1Abu Simbel (March 17). Note the lines apparently scored in the rocks above the statues. These are joints where the massive structure was reassembled after having been moved.
2 Abu Simbel is 134 air miles from Aswan.
3 Abu Simbel, here seen from the air, is located on the shore of Lake Nassar, a lake created by the building of the new and higher Aswan High Dam. The engine of our jet can be seen to the lower left in this photo.
4 Abu Simbel was relocated from an area where it was threatened by rising waters after the building of the Aswan Dam.
5 Relocation was an international effort to save the massive temple and sculptures. They were cut-up, moved, and reassembled like a giant, 3-D puzzle, at this location built specifically for the purpose. A man-made hill encompasses the massive structures.
6 Zeroing in on Abu Simbel — an enlarged selection from the previous shot from the air. "Zooming in" is a benefit of using a digital camera that takes high definition images, a great benefit of the large image sensors. (See discussion of the camera, a Canon S2 IS with a 5.0 Megapixel image receptor, in the Overview sub-album.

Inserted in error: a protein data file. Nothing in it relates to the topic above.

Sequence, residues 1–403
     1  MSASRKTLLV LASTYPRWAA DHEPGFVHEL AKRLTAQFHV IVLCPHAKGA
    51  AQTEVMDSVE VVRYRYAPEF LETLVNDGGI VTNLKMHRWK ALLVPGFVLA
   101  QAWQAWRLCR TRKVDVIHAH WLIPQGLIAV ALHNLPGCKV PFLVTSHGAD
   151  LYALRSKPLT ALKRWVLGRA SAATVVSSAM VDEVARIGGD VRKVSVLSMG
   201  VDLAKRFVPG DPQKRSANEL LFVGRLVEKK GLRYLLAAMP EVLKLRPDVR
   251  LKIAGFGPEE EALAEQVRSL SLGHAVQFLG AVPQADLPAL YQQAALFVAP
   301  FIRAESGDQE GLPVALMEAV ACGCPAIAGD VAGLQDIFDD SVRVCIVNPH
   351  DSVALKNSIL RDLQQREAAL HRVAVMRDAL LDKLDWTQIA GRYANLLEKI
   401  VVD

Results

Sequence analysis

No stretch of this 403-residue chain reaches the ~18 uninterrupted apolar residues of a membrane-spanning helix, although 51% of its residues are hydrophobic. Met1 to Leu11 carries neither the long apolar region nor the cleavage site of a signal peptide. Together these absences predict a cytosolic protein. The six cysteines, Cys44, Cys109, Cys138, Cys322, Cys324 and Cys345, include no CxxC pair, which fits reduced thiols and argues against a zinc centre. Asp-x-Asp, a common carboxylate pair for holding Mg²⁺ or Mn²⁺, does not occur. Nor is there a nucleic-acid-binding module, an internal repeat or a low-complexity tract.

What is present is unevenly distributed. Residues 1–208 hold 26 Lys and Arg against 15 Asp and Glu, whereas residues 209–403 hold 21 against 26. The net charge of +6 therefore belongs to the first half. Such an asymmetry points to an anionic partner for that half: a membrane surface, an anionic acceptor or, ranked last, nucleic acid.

7 Abu Simbel on the shore of the Nile as it appeared before being moved. (Image from The Salvage of the Abu Simbel Temples, referenced on a later slide.)
8 Another view of Abu Simbel prior to moving. The monuments were carved out of a mountain side in the 13th century BC (thats over 3,300 years ago!). (Image from The Salvage of the Abu Simbel Temples, referenced on a later slide.)
9 The reconstruction was artfully accomplished, leaving little trace of the massive structures having been reassembled. The project was sponsored by UNESCO. The "monuments of Nubia" were moved by skilled engineers and heavy equipment operators at a cost of $40 in 1964-1968.
10 Ramses's face is lifted into place. The face weighs 19.6 tonnes, with 4.6 tons of concrete reinforcement in the back. Hewn from solid rock (lime stone), the temple's facade is 33 meters high and 38 m wide. Source: Forskning & Framsteg 1967 issue 3, page 16; Author Per-Olow Anderson.
11 Another view of reconstruction. (Source Harry Green, Private Collection)